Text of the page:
This gets very serious, as the FDA notes that, “on multiple occasions, [Safe Chain] was notified that it had received prescription drug products containing different medication than was purported to be present based on the product labeling, making those products suspect product and unfit for distribution.” The letter mentions specific instances where Safe Chain continued buying the HIV medication Biktarvy from Gentek despite having been informed that patients were returning bottles from Gentek lots after realizing they contained a different medication.

From a patient perspective, this is a nightmare, a situation the FDA calls “extremely concerning from a public health perspective given the serious health condition Biktarvy is indicated for.” DSCSA implementation guidance from 2016 specifically warns trading partners against purchasing from a source they “[know] or have reason to believe has engaged in questionable business practices,” in the interest of keeping suspect product out of the pharmaceutical supply chain.  

Investigation, illegitimate product, and SOP issues

The letter notes that Safe Chain could not provide documentation or records regarding product quarantine, violating DSCSA’s requirement that trading partners maintain records for no less than six years. Further, the firm “could not produce adequate records pertaining to three other suspect product investigations” where it had notified the FDA of illegitimate product via Form 3911. Taken together, the letter takes the position, in essence, that: thanks for filing these, but you needed to be able to back them up so we can tell if you actually quarantined and handled the product correctly.

Just as serious is Safe Chain’s inability to prove that it responded appropriately after being notified of illegitimate product. The letter cites records that indicate the company had been informed of an inconsistency in transaction history, and that it knew a product it received was considered illegitimate. The firm didn’t say whether it had investigated or quarantined the product.

Finally, an interesting section recounts Safe Chain’s actions after receiving an FDA Form 483 warning. The letter asserts that Safe Chain attempted to revise its SOPs after the warning – but the third-party firm it hired put in place procedures that were inconsistent with DSCSA. Safe Chain’s response to the 483 also comes under fire for attempting to use “an ongoing investigation” and an assumption that “the issue was at the retailer/pharmacy level” to justify continuing to buy from a supplier with known product issues.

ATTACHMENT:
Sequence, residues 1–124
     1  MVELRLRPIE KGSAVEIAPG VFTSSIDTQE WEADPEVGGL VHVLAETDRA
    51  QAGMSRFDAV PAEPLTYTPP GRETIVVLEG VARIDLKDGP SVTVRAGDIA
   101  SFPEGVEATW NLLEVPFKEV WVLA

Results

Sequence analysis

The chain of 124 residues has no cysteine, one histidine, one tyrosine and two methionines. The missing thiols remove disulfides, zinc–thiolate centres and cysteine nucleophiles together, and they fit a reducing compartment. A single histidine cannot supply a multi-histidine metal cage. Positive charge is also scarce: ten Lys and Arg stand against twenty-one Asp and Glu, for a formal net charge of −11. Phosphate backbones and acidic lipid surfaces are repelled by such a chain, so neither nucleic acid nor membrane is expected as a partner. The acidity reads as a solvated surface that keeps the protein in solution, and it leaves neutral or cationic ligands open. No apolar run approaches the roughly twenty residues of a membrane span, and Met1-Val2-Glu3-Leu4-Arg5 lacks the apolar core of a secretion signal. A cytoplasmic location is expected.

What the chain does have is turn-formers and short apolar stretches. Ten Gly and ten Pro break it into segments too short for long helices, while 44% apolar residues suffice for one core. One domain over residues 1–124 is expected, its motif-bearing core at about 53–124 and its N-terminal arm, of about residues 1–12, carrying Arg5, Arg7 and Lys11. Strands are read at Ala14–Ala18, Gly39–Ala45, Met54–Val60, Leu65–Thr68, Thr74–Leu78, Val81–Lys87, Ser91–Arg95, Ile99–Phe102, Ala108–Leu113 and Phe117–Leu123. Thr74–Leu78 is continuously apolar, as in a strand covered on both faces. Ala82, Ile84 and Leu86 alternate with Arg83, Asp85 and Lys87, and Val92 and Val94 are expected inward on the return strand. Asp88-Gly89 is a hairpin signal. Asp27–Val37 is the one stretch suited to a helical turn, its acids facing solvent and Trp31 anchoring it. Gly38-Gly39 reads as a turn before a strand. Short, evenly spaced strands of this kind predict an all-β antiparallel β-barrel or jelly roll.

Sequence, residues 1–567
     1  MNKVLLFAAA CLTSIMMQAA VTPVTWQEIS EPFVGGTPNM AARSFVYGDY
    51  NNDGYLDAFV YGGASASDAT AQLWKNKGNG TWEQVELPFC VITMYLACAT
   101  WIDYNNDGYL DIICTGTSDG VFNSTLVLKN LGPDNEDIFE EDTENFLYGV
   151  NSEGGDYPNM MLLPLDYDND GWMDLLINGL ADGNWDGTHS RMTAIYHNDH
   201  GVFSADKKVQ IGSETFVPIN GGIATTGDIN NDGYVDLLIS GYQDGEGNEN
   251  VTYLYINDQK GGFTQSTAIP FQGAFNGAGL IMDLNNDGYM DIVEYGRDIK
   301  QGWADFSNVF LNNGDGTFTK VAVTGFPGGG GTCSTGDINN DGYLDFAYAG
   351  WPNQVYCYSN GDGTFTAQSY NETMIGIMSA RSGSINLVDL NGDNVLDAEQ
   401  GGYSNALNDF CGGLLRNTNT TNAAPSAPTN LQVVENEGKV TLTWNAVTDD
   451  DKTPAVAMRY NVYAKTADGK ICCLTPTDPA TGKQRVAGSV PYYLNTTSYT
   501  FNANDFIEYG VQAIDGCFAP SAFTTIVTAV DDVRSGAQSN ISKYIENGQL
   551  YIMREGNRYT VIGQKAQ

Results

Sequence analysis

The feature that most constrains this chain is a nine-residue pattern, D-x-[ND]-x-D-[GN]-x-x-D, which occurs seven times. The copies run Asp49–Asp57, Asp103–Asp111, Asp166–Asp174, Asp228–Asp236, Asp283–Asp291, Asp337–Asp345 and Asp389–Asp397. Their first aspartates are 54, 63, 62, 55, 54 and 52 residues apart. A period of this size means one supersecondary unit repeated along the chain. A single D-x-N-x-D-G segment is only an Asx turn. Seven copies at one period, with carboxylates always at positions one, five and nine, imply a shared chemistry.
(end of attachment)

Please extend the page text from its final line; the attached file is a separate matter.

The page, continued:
The letter’s rebuke is sharp, first calling out the failure to conduct investigations where “you may have recognized the inherent risk of these Gentek products to the supply chain,” and then the failure to coordinate with trading partners on the matter, instead relying solely on itself and its attorneys. Aside from the other issues facing Safe Chain, this highlights the need to use trusted, competent DSCSA providers, and the reality that regulatory audits will not accept hand-waved details. Traceability enables, and the FDA will expect, a new standard of compliance.

Don't take unnecessary risks with DSCSA

Now, we should reiterate here that the example of this company is an extreme one. That is, to say the very least, most companies who might have DSCSA concerns are not connected to alleged counterfeiting schemes.  

Our caution, then, is largely aimed at those who may be unsure whether, or how, the new rules will apply to them. (For example, if you aren’t properly connecting with your trading partners to investigate products when needed, the records, or lack thereof, can be damaging.) Fortunately, all of the functions that the FDA letter calls out are covered by readily available services. LSPedia’s OneScan provides comprehensive compliance solutions for serialization, verification, Authorized Trading Partners, product investigations, data retention, and even help fill FDA 3911 forms with accurate data.

Essentially, there's no reason to put your company at risk when there are resources available that can get DSCSA done for you quickly, efficiently, affordably – and completely. Get in touch today to learn more.